ODOT encourages volunteers to pick up trash along highways by dedicating remembrance sign

Ohio Department of Transportation in need of volunteers to pick up trash

The Ohio Department of Transportation's Adopt a Highway program has picked up over 225,000 bags of trash in the last 10 years.

Press secretary for ODOT, Matt Bruning, said people can volunteer to pick up trash four times a year during a two year agreement. ODOT will then make a sign to recognize someone who has passed, a business or anyone the volunteers ask for.

Bruning said so far, there are 1,400 volunteers around the state. The department will pay for all supplies and even include safety training.

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President of Ohio State University's Alumni Kappa Alpha Psi, Kojo Kandi, said his fraternity adopted a highway to honor one of their members.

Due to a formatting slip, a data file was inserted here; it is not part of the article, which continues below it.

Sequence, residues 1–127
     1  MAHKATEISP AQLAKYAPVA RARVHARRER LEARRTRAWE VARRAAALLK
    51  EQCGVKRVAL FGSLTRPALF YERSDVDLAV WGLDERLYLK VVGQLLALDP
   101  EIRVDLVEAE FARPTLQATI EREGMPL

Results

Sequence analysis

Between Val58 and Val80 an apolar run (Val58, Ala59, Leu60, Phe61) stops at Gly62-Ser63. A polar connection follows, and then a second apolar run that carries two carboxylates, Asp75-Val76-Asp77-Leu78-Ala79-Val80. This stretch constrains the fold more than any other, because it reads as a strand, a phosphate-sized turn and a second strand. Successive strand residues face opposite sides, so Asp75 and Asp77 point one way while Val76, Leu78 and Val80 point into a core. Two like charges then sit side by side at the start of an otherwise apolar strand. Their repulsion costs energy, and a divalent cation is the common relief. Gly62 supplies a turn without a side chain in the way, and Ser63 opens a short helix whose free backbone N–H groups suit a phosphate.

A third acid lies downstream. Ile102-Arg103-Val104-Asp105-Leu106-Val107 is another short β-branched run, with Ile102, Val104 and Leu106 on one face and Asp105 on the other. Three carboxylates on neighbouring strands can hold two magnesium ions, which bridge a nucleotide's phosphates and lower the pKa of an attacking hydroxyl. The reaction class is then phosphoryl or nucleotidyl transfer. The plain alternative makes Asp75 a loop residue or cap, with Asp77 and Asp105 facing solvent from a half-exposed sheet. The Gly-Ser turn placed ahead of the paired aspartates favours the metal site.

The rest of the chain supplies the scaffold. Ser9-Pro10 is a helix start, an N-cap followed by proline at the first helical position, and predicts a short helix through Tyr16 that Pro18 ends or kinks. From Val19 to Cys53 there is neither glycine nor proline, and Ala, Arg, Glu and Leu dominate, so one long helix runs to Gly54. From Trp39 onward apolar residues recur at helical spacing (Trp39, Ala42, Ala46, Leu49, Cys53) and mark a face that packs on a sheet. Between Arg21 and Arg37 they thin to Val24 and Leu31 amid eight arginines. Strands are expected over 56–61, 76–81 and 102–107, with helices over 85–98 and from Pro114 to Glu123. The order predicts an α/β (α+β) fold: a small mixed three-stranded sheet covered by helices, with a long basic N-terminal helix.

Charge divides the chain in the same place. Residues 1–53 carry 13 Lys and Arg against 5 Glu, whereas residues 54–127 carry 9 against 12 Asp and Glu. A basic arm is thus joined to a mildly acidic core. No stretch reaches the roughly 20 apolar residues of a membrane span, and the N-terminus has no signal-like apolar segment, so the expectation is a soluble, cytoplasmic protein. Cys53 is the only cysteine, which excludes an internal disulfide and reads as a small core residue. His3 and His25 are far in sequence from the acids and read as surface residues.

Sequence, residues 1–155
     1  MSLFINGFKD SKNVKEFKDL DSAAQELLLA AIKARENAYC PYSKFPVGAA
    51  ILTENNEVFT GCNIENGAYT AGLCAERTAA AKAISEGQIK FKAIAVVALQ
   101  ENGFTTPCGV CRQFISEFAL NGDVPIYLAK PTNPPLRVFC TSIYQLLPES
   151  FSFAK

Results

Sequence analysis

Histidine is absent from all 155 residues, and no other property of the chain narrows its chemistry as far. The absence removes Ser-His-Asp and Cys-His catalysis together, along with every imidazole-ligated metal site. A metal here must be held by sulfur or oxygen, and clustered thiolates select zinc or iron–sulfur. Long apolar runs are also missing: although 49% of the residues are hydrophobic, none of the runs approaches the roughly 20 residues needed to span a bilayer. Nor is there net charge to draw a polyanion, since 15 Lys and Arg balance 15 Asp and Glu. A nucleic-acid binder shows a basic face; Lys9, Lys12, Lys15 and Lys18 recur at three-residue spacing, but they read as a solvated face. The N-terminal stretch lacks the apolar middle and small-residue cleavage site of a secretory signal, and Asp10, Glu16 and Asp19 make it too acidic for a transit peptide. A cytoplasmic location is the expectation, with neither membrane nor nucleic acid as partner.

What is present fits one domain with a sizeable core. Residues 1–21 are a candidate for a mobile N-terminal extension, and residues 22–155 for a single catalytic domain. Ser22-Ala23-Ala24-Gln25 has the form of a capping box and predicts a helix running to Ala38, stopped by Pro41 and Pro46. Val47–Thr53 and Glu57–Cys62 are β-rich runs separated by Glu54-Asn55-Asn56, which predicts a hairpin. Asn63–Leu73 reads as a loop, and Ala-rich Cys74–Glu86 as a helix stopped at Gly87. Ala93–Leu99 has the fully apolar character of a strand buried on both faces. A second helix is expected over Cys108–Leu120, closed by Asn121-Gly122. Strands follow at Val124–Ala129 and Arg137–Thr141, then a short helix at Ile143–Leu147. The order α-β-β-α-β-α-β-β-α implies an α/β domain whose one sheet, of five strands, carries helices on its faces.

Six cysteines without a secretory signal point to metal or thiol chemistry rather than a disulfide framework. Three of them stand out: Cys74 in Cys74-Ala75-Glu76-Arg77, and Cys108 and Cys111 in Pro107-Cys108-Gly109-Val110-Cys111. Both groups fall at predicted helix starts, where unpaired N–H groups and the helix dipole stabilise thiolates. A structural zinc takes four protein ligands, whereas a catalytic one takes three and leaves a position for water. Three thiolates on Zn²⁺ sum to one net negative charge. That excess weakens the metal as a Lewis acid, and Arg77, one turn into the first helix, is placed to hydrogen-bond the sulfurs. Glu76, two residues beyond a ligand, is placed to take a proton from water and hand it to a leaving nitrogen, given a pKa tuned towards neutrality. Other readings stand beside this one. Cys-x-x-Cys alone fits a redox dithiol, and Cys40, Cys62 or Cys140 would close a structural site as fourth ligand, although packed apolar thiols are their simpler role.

The sign sits on the side of I-670 near the Leonard Avenue exit in Columbus. The brothers of the fraternity dedicated the sign for Terence Kizer who was also a member and passed away from kidney transplant complications.

"He was a long time coach he was a mentor to many of us and we wanted to leave a lasting legacy or gift to the community through him," Kandi said.

ODOT hopes bringing the attention to the signs will help get more people to volunteer to pick up trash. He also wants to encourage the loved ones of crash victims to take part in this instead of creating a memorial site which can cause safety concerns.

"We have to mow around them if they get damaged sometimes we have to remove them if they're a distraction and cause a hazard to other motorists," Bruning said.

Bruning said the program costs less than other solutions to keeping the highways clean.

In the last ten years, it cost $1.4 million for the adopt a highway program, $3.2 million to pay guards who work with inmates and $34.8 million to pay for ODOT crews.

People can volunteer at this link.